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In a sense, each and every one of us is a trophy hunter. In two ways, actually.

I have somewhat deliberately avoided this topic. For one, I didn’t want to belabour the debate about trophy hunting. For another, while often presented as straight-forward and simple, the nuances of trophy hunting become quite complex, so it takes a deliberate open-mindedness to discuss it. Unfortunately, I haven’t seen that openness in much of the trophy hunting conversations. The concept and practices of trophy hunting are troublesome, murky, and highly emotive, and this is exactly why it is worth discussing. 

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I don’t recall when I first heard someone use the term fair chase. I do recall becoming gradually aware of a set of thoughts, feelings, and ideals regarding different aspects of hunting that I would later come to identify as a developing understanding of what is collectively referred to as fair chase. Fair chase is a concept that is somewhat popularly understood as the moral foundation of our community; however, while many of us are familiar with the feeling of fair chase and most of us can point out actions that we feel fall outside what would be considered fair chase, it is an idea that is difficult to put our finger on and clearly define what it means in practice.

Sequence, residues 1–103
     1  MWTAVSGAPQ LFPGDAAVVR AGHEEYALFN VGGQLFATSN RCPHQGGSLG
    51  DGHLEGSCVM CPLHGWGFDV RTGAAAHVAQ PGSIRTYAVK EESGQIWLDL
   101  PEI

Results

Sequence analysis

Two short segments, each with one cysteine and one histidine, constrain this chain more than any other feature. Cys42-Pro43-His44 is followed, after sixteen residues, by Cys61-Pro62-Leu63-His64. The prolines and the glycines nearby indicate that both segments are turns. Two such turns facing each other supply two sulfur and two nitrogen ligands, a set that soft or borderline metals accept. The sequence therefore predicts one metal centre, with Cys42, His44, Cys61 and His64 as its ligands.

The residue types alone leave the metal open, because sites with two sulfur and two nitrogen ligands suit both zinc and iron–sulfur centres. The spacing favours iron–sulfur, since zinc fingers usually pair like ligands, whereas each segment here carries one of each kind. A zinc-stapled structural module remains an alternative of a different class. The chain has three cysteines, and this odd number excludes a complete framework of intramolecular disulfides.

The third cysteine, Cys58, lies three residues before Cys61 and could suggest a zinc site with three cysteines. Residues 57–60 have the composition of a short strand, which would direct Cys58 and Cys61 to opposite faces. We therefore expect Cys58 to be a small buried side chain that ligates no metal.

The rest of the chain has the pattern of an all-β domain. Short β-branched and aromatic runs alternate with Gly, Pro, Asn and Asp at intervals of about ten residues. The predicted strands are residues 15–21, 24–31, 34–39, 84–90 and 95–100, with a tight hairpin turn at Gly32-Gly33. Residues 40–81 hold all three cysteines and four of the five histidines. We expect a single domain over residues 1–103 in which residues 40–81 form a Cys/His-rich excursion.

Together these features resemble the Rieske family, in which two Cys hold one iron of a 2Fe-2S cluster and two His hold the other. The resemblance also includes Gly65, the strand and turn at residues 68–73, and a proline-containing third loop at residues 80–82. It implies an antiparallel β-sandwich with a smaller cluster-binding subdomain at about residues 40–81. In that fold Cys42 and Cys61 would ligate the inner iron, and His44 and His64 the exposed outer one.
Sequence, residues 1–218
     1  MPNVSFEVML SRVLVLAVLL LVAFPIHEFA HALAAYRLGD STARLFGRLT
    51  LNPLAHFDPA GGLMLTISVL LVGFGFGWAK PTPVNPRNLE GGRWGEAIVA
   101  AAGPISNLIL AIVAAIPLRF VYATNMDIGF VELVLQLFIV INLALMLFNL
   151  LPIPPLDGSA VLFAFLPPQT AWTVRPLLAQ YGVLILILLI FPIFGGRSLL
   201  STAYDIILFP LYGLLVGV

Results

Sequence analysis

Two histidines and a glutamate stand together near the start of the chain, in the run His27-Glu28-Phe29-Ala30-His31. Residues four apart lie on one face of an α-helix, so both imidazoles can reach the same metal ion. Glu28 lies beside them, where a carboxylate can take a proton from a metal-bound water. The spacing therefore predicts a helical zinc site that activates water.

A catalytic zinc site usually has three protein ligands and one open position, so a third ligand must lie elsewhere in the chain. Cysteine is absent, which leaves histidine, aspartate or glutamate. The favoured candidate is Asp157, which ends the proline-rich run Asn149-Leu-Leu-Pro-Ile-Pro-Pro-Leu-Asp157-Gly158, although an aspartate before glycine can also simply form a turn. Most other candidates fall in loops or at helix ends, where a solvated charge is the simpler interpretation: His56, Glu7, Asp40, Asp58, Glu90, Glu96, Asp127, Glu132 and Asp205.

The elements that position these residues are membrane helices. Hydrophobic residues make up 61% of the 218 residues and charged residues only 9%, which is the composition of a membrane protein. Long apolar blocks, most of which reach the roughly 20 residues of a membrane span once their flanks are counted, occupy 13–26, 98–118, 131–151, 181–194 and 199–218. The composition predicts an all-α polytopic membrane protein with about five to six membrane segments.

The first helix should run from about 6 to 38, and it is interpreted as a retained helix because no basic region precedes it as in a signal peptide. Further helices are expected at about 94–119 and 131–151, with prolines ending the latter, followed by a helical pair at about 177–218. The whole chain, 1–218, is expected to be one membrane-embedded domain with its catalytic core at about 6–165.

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I understand some people’s general disdain for list posts: “7 ways to…”, “10 reasons why…” I capitulated for this post, but it is at once a plea for others to get involved in conservation and some suggestions for easy ways to start. As a hunter, issues around conservation are always on my mind and I find myself constantly worried that I’m not doing quite enough. I also often think about how to talk about conservation with people who may not think about and prioritize it as I do. Part of striving to be a good conservationist often involves some element of advocacy, the effort to convince others that they should care and the attempt to recruit people into this conservation task. To do so effectively, we need to be able to provide the public with accessible ways to join the conversation that fit their lifestyles and abilities.